PHILADELPHIA— To coincide with May being Hepatitis Awareness Month, the Health Department has issued its first annual public health surveillance report on Hepatitis B and Hepatitis C in Philadelphia. This report summarizes the distribution of these two infections within the city in 2021. This information is a valuable resource to inform residents and service providers about the impact of these viruses among city residents, and the need for a greater level of attention and resources to prevent, diagnose, and treat hepatitis B and hepatitis C in Philadelphia.
According to Dr. Landrus Burress, Director for the Division of Disease Control, “The tools exist to prevent and treat hepatitis B and C, but barriers to those resources affect how Philadelphia residents access and utilize these resources. This report provides data that highlights there are many people in the city who need support to reduce the inequities in access to vaccination, screening, treatment, and cure. “
The 2021 Annual Report of Hepatitis B and Hepatitis C in Philadelphia shows that over 25,000 residents are positive for hepatitis B and almost 53,000 residents are positive for hepatitis C infections. However, because these conditions often show no symptoms, many people are not diagnosed, it is likely these are underestimates of the true impact within Philadelphia. Both infections are occurring throughout the city and are affecting every residential zip code. The number of newly reported chronic hepatitis B and hepatitis C infections have declined in recent years. However, infection rates continue to increase and contribute to the large prevalence of each disease.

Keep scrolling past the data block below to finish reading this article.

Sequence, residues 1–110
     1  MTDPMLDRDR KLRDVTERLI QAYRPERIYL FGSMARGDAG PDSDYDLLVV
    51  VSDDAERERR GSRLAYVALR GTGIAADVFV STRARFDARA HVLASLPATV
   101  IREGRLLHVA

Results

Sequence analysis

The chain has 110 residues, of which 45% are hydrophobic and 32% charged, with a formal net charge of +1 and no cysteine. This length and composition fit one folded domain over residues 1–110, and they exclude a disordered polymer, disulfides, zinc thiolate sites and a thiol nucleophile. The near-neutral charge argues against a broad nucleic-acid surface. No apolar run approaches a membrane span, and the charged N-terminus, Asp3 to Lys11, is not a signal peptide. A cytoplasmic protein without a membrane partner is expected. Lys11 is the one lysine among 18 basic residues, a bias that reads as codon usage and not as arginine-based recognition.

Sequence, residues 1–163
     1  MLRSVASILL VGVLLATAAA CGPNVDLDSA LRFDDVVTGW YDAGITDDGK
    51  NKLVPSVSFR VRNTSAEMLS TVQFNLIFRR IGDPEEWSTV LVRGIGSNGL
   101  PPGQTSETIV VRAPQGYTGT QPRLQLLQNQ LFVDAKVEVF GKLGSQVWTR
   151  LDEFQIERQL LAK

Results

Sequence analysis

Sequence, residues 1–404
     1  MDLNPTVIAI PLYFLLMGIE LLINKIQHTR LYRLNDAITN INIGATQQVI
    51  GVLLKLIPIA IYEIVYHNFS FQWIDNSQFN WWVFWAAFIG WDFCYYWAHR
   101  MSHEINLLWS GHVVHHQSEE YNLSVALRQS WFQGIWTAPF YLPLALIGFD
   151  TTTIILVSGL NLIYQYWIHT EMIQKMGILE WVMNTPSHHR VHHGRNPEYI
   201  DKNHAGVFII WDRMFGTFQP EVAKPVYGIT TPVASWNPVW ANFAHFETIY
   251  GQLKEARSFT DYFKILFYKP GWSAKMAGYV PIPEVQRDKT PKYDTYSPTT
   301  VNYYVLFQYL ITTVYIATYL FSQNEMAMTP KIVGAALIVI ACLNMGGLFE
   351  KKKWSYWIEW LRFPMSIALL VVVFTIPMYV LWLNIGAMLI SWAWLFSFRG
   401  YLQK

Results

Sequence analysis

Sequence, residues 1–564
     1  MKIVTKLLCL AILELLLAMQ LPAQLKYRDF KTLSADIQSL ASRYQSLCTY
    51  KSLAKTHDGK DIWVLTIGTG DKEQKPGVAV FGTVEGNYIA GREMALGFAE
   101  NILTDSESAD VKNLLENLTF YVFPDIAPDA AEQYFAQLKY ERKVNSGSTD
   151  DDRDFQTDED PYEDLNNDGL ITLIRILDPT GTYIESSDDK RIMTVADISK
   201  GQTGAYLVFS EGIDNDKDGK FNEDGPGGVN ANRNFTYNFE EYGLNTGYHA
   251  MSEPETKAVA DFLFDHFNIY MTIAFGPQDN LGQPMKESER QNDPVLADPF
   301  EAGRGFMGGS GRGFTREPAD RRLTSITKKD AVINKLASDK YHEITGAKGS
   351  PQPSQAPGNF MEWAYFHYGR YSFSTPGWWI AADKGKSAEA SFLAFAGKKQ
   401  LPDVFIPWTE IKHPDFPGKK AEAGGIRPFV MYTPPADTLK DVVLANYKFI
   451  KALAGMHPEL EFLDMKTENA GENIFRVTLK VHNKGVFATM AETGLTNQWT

This report shows that 61% of newly reported cases of chronic hepatitis B were among Asian and Black/African communities in Philadelphia, and 47% were among people 25 – 44 years of age. New acute and chronic hepatitis C infections were primarily seen among males, those who were 25-44 years of age, and Black individuals. A shift has occurred from previous years with the majority of reported acute hepatitis C in 2021 being among Black and Hispanic individuals, and those 15‑39 years of age. Furthermore, this report shows 164 deaths among Philadelphia residents in 2021 were attributable to hepatitis B and/or hepatitis C.
Hepatitis B and hepatitis C transmission occurs through contact with blood and other bodily fluids (i.e., semen and in the case of hepatitis B, vaginal fluid) of a person living with the infection, including at birth. The wide impact of these diseases highlights the need for harm reduction services, resources to increase hepatitis A and hepatitis B vaccination, improved community awareness, and improved treatment access in the communities most affected. Efforts aimed at addressing health inequities within our healthcare system must be considered in order to reduce hepatitis rates for some populations. This report provides valuable information that will enable the city to determine the best strategic approaches to reduce barriers to care and improve access to life saving screening, vaccination, and treatment.
In 2023, the Health Department plans to release the Philadelphia Hepatitis B and Hepatitis C Elimination Plan to identify strategies to markedly reduce the impact of these two diseases on Philadelphia residents by 2030. Future annual reports will be produced to track progress and provide ongoing guidance for these strategies.
The Viral Hepatitis Program of the Health Department encourages all Philadelphians to learn more about viral hepatitis and do what you can to improve your own health as well as that of your communities.
Philadelphians are encouraged to learn something new about hepatitis B and hepatitis C; get tested and get vaccinated; engage in care if you have either condition; talk with family and friends to reduce stigma around hepatitis B and hepatitis C; and, of course, provide feedback to the city’s elimination planning.
If you are interested in learning more about hepatitis B and hepatitis C or in viewing
resources and providers in Philadelphia, please visit Phillyhepatitis.org. Find the closest pharmacies that vaccinate for hepatitis A and hepatitis B on hepcap.org, the Hepatitis C Allies of Philadelphia (HepCAP) coalition website.